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African Americans in Seattle Tech: Bright Future, Complicated Past

By Jeffrey Rindskopf

The postwar economic boom was kind to Seattle’s black community, or at least marginally kinder than in many other American cities. With the help of a Kennedy-era minority employment program Plans for Progress to which Boeing signed on, the city’s rate of black homeownership reached 49 percent in 1970, compared to the national average of 42 percent.

That national average remained at the same in 2017, while Seattle’s own rate has been tumbling downward for decades, so now just 28 percent of African Americans in King County own the homes in which they live.

Many have been priced out of their former neighborhoods within city limits. The Central District (CD) east of downtown, for example, was once the heart of Seattle’s black community, due to discriminatory “redlining” procedures that forced them out of other neighborhoods. Today African Americans account for less than 20 percent where once they were more than 70.

It was at Garfield High School in the heart of this rapidly changing neighborhood that the first Hack the CD hackathon was held, convening aspiring entrepreneurs, coders, artists, and other participants for the stated purpose of answering one question: “How might we create fertile ground for the African American community in Seattle to grow with the city’s current tech boom?”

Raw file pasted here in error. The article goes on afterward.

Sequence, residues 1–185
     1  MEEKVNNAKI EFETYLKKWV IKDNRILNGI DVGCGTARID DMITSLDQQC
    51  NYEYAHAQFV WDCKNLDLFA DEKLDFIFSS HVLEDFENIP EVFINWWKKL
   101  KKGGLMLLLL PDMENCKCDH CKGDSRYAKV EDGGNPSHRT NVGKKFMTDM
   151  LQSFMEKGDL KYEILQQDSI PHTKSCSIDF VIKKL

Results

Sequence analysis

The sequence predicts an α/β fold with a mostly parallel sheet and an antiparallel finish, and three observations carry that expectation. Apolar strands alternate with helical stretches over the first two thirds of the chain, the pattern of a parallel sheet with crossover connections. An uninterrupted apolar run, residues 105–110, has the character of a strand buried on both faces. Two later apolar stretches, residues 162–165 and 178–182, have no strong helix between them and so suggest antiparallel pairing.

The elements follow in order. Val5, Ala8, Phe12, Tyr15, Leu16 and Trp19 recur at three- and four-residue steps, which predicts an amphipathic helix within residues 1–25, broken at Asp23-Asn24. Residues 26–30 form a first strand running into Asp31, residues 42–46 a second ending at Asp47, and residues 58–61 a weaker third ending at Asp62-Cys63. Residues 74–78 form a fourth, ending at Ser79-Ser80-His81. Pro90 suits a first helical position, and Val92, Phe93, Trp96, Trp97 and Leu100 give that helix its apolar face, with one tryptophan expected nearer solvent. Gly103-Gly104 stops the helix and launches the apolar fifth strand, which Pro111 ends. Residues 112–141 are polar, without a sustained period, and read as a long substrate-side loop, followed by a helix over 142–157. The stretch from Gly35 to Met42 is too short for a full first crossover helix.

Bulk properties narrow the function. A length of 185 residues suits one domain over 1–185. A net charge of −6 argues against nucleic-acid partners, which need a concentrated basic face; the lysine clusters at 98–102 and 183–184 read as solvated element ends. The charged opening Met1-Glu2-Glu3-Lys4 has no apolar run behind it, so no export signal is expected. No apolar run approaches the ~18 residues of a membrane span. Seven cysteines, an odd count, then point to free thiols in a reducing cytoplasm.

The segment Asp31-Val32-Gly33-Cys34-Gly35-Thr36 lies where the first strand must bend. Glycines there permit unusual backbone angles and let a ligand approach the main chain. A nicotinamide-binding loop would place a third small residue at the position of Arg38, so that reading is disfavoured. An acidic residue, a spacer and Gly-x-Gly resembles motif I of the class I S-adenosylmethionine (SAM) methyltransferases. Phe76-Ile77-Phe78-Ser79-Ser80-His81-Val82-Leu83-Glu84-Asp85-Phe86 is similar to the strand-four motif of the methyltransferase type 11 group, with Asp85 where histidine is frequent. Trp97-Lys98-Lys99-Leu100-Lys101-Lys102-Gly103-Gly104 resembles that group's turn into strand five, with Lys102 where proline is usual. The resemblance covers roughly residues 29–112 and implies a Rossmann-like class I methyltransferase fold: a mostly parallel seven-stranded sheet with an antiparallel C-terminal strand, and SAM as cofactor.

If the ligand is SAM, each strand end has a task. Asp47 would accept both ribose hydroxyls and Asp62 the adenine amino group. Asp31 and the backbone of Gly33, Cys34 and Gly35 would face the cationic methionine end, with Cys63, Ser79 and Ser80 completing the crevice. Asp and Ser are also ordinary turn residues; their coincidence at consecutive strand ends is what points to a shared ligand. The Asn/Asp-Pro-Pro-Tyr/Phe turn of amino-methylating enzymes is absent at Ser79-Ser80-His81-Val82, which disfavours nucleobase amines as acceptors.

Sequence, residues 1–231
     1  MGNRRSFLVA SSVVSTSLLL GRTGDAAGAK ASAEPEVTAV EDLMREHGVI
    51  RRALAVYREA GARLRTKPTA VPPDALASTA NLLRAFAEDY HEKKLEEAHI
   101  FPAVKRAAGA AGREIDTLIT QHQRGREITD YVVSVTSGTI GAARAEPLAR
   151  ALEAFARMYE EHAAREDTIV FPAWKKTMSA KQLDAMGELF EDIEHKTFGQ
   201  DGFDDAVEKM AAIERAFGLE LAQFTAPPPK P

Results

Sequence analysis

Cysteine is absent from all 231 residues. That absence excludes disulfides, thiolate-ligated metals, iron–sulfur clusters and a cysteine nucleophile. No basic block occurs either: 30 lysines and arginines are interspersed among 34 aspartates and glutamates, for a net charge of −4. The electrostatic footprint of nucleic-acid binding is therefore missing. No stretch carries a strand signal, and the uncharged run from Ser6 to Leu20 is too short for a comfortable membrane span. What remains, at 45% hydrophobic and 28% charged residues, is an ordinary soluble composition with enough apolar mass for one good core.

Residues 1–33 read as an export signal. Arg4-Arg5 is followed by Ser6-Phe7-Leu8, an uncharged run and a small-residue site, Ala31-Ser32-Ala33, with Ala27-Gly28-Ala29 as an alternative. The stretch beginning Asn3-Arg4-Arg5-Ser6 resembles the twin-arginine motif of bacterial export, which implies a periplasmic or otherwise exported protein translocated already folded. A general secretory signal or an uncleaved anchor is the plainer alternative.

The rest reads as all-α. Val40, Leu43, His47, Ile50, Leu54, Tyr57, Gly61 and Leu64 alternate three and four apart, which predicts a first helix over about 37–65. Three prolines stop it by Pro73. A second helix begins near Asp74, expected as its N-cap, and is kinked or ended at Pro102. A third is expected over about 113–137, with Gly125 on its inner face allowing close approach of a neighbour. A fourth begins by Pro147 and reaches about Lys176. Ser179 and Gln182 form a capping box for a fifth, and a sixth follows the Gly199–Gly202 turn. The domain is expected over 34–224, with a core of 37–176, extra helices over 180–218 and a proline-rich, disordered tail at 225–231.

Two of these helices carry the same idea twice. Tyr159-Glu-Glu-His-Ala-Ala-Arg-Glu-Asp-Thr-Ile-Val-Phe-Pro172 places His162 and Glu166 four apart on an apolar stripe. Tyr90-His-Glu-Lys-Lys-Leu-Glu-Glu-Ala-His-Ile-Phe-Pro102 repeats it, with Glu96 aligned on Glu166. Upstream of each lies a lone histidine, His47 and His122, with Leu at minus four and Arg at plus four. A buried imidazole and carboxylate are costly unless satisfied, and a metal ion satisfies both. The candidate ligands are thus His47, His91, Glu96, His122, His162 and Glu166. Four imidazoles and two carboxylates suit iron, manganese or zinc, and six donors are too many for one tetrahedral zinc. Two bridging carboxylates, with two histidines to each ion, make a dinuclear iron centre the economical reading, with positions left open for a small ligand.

By then, Seattle’s ever-expanding tech community had become a frequent target of blame for this gentrified state of affairs, and it’s easy to understand why—the tech boom epitomized by local success stories like Amazon and Microsoft brought new residents and pricey developments, while longtime minority residents were this time more-or-less left behind by Seattle’s rising tide of economic prosperity.

Photo: Facebook / Black Dot

Photo: Facebook / Black Dot

Though African Americans still make up eight percent of the city’s 600,000+ population, they account for less than two percent of King County residents working in tech. This aligns with an industry-wide lack of diversity, as in 2014, African Americans occupied only two percent of tech jobs across the nation.

At least two minority-owned tech-oriented businesses were launched from the first Hack the CD. The next year’s pitch contest went to a proposed organization called Black Dot, now a black coworking space and community hub on South Jackson Street. The next year, the event evolved into a full-time organization called Hack Nation.

We started it as basically a support group for these underrepresented entrepreneurs,” says Kenny Shelton, Hack Nation’s Director of Business Development, “to wrap professional services and community around young startups, so they get whatever they need to get them to that next stage.”

As well as pitch contests, Hack Nation’s events often offer dedicated stations where startups receive hourlong consultations on subjects like marketing, software, and business development. But they’re not alone in trying to improve minority access to opportunities in Seattle’s tech community.

Photo: Facebook / Black Dot

Photo: Facebook / Black Dot

HERE Seattle hosts events to advocate for diversity in tech and provide professional development for members. Apprenti runs mentorship and job placement programs to “bridge the talent gap” for underrepresented groups including women and veterans as well as minorities. Through offices in Oakland and Seattle, Floodgate Academy provides world class technical education and on-the-job experience to aspiring tech workers with similar backgrounds.

In the Central District, there’s also the Seattle Business Education HUB (SBE HUB) working to educate small business owners in financial literacy and entrepreneurial development, and to provide easier access to capital for low-income communities. It was founded last year by Felix Ngoussou, who while working at Boeing, noticed how many companies failed to fill out their applications to bid on contracts correctly.